By the end of this instructional session learners should be able to: 1) Discuss the indications, contraindications, and complications associated with abdominal paracentesis; and 2) competently perform an ultrasound-guided abdominal paracentesis on a simulator and remove fluid.
Low Cost Task Trainer for Neonatal Umbilical CatheterizationDOI: https://doi.org/10.21980/J8HW6G
By the end of this instructional session learners should: 1) Discuss the indications, contraindications, and complications associated with umbilical catheterization. 2) Competently perform umbilical catheterization on the task trainer. 3) Demonstrate proper securement of the catheter.
A Low Cost Escharotomy Simulation Model for Residency EducationDOI: https://doi.org/10.21980/J8D34V
By the end of this educational session, the learner will be able to: 1) Understand the indications for an escharotomy. 2) List equipment needed to perform an escharotomy. 3) Demonstrate how to perform an escharotomy. 4) Perform an escharotomy and experience the sensation of cutting through simulated burned tissue. 5) Understand post-escharotomy management and referral to specialist.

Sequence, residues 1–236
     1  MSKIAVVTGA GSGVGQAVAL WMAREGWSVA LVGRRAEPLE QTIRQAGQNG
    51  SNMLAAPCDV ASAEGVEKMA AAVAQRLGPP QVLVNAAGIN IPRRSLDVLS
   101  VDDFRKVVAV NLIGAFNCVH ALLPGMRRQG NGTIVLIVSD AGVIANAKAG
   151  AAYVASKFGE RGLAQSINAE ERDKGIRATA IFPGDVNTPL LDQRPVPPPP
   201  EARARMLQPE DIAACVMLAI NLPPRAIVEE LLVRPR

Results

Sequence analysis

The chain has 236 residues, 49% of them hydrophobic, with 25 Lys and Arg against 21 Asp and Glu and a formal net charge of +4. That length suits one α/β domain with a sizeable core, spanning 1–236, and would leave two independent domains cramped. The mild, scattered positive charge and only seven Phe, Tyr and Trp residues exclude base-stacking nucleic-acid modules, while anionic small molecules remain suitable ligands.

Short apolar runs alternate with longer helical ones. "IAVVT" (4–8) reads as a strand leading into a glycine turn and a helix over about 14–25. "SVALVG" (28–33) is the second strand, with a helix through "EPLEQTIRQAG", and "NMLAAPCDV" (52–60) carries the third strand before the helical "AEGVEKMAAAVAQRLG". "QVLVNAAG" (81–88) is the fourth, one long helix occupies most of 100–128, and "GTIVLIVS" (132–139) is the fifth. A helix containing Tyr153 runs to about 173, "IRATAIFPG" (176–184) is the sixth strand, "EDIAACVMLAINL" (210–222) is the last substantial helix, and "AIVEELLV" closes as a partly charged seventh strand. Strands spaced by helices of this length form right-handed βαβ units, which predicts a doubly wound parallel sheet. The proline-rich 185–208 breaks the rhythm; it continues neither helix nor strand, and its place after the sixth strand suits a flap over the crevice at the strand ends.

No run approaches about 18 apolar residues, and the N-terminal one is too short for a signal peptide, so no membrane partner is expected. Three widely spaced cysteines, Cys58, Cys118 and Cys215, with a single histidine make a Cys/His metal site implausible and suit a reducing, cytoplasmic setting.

Procedural Sedation for the removal of a rectal foreign bodyDOI: https://doi.org/10.21980/J81332
Axial and coronal views on CT showed evidence of a large, tube-shaped foreign body in the rectum (see arrows) without evidence of acute gastrointestinal tract disease.
Utilizing the Flipped Classroom, Simulation-Based Mastery Learning and Group Learning to Teach and Evaluate Lumbar Puncture SkillsDOI: https://doi.org/10.21980/J8RW58
The goal of the curriculum is to teach and evaluate senior medical students / emergency medicine residents on the performance of a lumbar puncture using a group learning protocol. At the completion of the training session, learners should be able to: 1) Demonstrate how to perform a LP on an adult patient by achieving the minimum passing standard on the checklist, 2) state the indications and contraindications of performing a LP, and 3) state the potential complications that can occur after performing a LP.